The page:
Justin Playfair (George C. Scott, fresh from winning the Oscar for Patton ) is a prominent New York judge who, in dealing with his grief after his wife’s death, has assumed the identity of Sherlock Holmes. Holmes’s attention to detail, his ability to deduce things from the most obscure clues, affords Justin a sense of control; his obsession with arch-foe Moriarty provides a malevolent agent responsible for the unbearable loss of his beloved wife. If there’s an evil actor behind everything that happens, then we’re not at the mercy of contingency.
Meanwhile, Justin’s brother Blevins (Lester Rawlins) is being blackmailed by the mysterious Mr. Brown (James Tolkan) and he needs money. If Justin can be committed, Blevins will assume control of his brother’s estate and have enough to pay off the blackmailer. The impatient Mr. Brown is only willing to wait a short time and if Blevins’ plan fails, he’ll have Justin killed to facilitate transfer of the estate. And so Justin is taken to a psychiatric clinic for evaluation.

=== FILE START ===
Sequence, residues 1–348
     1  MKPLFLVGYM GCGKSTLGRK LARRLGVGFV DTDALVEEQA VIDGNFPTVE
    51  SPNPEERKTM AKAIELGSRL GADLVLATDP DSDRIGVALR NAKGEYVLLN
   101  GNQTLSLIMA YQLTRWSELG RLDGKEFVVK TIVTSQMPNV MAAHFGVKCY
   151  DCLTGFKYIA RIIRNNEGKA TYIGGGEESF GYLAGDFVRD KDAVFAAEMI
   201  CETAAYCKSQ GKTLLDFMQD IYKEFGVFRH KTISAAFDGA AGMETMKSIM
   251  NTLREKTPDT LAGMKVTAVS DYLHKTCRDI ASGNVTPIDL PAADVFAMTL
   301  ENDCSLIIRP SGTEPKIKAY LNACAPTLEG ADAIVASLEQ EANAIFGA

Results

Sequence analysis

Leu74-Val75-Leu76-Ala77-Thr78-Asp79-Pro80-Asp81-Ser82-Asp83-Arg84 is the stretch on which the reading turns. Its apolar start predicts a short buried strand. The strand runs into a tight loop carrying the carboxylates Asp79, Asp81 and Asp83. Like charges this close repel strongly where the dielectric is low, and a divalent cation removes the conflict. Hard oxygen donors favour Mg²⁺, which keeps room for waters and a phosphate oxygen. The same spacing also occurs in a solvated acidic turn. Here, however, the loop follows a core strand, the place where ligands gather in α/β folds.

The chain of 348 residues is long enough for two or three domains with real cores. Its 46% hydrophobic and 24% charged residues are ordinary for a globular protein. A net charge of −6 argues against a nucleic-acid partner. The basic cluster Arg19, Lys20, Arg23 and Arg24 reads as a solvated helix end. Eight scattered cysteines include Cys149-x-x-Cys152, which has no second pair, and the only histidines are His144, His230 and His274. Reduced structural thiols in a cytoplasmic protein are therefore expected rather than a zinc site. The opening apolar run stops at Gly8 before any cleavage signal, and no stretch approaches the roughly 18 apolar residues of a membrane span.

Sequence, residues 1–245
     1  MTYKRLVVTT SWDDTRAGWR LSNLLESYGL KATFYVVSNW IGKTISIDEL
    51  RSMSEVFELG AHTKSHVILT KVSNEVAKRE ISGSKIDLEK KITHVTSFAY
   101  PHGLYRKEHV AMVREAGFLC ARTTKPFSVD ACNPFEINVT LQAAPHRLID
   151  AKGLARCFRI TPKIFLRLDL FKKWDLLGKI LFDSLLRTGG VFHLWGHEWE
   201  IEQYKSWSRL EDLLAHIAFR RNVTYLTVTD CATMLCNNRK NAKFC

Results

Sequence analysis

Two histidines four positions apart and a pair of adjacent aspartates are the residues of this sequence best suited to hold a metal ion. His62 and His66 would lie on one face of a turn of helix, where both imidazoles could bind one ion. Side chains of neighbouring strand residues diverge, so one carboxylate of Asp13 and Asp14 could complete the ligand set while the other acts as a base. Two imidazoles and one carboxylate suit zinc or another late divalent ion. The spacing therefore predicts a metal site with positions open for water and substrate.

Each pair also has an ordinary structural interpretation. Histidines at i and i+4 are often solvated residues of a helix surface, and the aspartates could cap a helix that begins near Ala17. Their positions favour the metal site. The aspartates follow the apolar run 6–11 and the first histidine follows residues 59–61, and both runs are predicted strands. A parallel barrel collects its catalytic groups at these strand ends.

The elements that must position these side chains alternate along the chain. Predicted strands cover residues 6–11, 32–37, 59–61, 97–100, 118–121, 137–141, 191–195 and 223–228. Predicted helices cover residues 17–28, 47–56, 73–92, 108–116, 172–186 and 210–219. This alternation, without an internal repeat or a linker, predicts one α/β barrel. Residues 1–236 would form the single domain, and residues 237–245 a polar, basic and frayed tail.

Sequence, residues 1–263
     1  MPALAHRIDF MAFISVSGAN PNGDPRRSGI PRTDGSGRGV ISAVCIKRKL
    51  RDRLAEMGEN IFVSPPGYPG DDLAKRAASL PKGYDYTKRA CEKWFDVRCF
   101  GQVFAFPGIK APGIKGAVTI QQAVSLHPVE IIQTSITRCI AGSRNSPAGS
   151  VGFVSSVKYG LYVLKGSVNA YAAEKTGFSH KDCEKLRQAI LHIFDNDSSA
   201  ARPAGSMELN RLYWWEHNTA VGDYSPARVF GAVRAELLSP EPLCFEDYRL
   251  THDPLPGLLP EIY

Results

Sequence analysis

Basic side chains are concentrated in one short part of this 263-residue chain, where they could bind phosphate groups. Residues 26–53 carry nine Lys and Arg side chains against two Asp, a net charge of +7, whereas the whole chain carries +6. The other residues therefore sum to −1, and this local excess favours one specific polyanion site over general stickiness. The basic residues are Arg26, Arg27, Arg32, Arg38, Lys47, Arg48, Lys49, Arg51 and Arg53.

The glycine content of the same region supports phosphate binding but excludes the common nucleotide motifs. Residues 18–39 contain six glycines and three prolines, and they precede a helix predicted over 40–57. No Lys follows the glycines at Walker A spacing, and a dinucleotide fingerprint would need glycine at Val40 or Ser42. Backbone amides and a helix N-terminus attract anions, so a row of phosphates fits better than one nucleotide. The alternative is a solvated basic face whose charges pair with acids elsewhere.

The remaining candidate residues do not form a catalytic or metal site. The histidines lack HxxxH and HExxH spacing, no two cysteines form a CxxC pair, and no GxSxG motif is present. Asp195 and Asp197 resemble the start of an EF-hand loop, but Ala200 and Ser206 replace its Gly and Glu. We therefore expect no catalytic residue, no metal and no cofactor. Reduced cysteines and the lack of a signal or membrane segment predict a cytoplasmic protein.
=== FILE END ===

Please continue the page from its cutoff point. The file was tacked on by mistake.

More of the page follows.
The venal Dr. Strauss (Ron Weyand) assigns one of the staff, a middle-aged doctor, to diagnose Justin – a classic paranoid schizophrenic – and she’s fascinated by the case. The initial session, in Justin’s study-cum-lab, is prickly; she’s wasting his time as he analyzes clues to Moriarty’s whereabouts. But then his attitude abruptly changes because he discovers that the doctor’s name is Watson – fate has handed him confirmation of his assumed identity. The game, as they say, is afoot and he drags Dr. Mildred Watson (Joanne Woodward) off on a quest to find and stop the arch-villain.